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The invasion of privacy complaint, which was filed in L.A. County Superior Court, claims Archie was photographed in the backyard of the family’s Beverly Hills home, which is in a gated community.
The couple does not know who took the shots, and the lawsuit invokes a California law which states that it is illegal to use devices like drones and telephoto lenses to photograph people within their homes.
Harry and Meghan have launched the lawsuit, the complaint reads, because of “serial intrusions on the privacy of a 14-month-old child in his own home, and the desire and responsibility of any parent to do what is necessary to protect their children from this manufactured feeding frenzy.”
The Daily Beast was the first publication to report in May that Harry and Meghan had reported multiple drone incidents to the LAPD. A source told us that the couple had been coping with “unimaginable” levels of press intrusion at their temporary new home.
The lawsuit claims that “some media outlets have flown drones a mere 20 feet above the house as often as three times a day.” Helicopters have been spotted hovering above the property throughout the day, and damage has allegedly been done to the property's fencing.
The lawsuit claims that the photos are being shopped as if they were taken in Malibu, but the couple says Archie has never been there, or indeed out in public. Meghan and Harry are suing a series of unnamed “John Doe” defendants, and may use subpoenas against agencies or individuals trying to sell the photos.
“Every individual and family member in California is guaranteed by law the right to privacy in their home,” Michael J. Kump, the couple’s attorney and partner at Kinsella Weitzman Iser Kump & Aldisert LLP, said in a statement.
“No drones, helicopters or telephoto lenses can take away that right. The Duke and Duchess of Sussex are filing this lawsuit to protect their young son’s right to privacy in their home without intrusion by photographers, and to uncover and stop those who seek to profit from these illegal actions.”
The complaint states: “The unscrupulous people shopping these photographs have not innocently mislabeled the photographs as having been taken in a public place. They have done so intentionally, because they know that unsolicited photographs of a young child in the privacy of his own home are very much unlawful.”
Kump writes, “The Plaintiffs have done everything in their power to stay out of the limelight except in connection with their work, which they freely admit is newsworthy. But the photos at issue are not news. They are not public interest. They are harassment. The sole point to taking and/or selling such invasive photos is to profit from a child.”
This Los Angeles lawsuit is the latest example of Meghan and Harry’s willingness to call in the lawyers in situations where the royals would usually fear to tread.
The couple currently has ongoing legal cases against Associated Newspapers, publishers of U.K. tabloid the Mail on Sunday, and in the past year have also launched high-profile actions against the Sun and the Daily Mirror, in relation to historic accusations of phone hacking.
It is believed that legal letters are regularly sent out to other publications too, and the couple recently suspended communication with a number of U.K. newspapers.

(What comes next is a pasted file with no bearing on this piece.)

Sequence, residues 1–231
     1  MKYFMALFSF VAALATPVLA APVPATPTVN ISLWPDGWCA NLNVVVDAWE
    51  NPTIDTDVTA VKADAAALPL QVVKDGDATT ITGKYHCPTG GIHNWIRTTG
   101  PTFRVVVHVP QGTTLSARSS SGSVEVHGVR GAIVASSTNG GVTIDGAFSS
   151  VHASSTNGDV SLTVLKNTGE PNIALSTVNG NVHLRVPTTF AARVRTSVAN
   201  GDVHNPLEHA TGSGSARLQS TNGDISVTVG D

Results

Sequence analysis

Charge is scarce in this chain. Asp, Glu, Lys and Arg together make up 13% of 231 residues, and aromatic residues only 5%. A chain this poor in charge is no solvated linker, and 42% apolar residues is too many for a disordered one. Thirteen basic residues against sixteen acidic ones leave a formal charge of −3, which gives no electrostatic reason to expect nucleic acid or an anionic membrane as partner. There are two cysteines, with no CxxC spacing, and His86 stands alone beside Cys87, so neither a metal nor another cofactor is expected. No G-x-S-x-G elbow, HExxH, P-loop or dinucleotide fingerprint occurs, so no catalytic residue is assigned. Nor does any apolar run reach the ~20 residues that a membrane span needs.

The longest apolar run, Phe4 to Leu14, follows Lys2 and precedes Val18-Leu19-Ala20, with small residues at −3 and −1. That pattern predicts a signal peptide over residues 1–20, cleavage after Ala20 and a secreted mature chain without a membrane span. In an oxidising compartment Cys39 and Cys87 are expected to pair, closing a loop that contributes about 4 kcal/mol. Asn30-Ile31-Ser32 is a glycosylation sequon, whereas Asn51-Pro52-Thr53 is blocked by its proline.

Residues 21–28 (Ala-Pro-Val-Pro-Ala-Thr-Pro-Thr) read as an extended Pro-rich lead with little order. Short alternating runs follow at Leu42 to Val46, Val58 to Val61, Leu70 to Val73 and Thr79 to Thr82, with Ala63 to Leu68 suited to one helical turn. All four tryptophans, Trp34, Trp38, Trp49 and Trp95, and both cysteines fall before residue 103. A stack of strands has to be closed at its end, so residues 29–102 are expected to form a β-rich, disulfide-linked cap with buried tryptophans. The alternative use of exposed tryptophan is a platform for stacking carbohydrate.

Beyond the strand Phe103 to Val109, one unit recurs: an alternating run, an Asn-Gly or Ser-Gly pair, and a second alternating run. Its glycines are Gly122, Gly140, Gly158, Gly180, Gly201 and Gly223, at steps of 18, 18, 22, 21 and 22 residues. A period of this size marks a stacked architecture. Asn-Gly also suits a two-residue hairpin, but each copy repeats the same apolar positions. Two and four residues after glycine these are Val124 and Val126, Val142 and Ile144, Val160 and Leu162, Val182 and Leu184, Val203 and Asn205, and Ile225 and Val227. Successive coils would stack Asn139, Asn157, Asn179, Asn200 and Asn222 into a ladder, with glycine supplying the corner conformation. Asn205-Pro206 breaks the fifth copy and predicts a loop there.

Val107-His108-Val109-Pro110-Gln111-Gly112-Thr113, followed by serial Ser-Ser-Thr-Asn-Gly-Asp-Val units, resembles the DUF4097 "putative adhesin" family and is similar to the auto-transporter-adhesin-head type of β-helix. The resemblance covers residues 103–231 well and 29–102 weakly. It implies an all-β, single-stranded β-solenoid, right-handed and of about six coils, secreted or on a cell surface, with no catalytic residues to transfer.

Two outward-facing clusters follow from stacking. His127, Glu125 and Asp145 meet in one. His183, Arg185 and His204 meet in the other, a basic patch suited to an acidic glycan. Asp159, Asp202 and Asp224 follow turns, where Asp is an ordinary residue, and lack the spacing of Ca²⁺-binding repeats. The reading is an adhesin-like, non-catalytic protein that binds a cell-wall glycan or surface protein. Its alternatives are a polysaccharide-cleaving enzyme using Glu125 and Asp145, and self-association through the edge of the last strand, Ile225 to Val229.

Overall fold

Earlier this week, Harry appeared to threaten another lawsuit after Graham Smith, the CEO and founder of the pressure group Republic which campaigns against the British monarchy, wrote to U.K. watchdog the Charity Commission asking them to take a closer look at the financial relationships between charities and companies associated with the young royals.
Smith, in his role as professional royal-baiter, is adept at pulling such moves. He has previously reported Prince Charles to the commission and once complained to the police after Prince Andrew was reported to have rammed some publicly owned park gates in Windsor Great Park on a late night home.
Typically, no action is taken on Smith’s complaints, but the mere fact of his complaining can make a story, which keeps the cause in the spotlight. Smith had apparently expected this latest letter to be greeted with silence or a restrained statement dismissing it.
But Harry and Meghan went on the attack. In the statement issued through their lawyers, they accused Republic of “salaciously” feeding “a hunger for media attention as well as a shared and attacking agenda, which is neither right nor just.”
Harry also accused the complaint by the group, which exists to campaign for a democratically elected head of state, of being “defamatory and insulting to all the incredible organizations and people he has partnered with.”
The statement appeared to threaten legal action against Republic, saying that Harry’s “charitable endeavors” are “transparent and above board. To suggest otherwise is unequivocally wrong and will be acted upon accordingly with the weight of the law.”
A source confirmed that this threat was directed at Republic.
When The Daily Beast called Smith this week to ask for his reaction to this blistering statement and threat of legal action, he was rather shell-shocked—and nervous about what might be coming down the pipe legally. But he also could barely hide his delight that journalists were ringing his phone off the hook.
Smith ran through the detail of his letter to the Commission, asking it to investigate whether William and Kate’s charity had violated charity regulations when it gave some $180,000 to Harry and Meghan’s foundation, and a similar sum to Harry’s Travalyst project, a charity which subsequently became a private company that promotes sustainable tourism.
In a statement, a spokesperson for Harry said: “All of The Duke’s charitable activities are fully transparent as well as compliant with Charity Commission guidelines, and moreover with his own moral compass.”
“The Duke has not, nor has he ever, had any personal financial interest in his charitable work. The interest has always been clear: to support others and to make a positive difference.”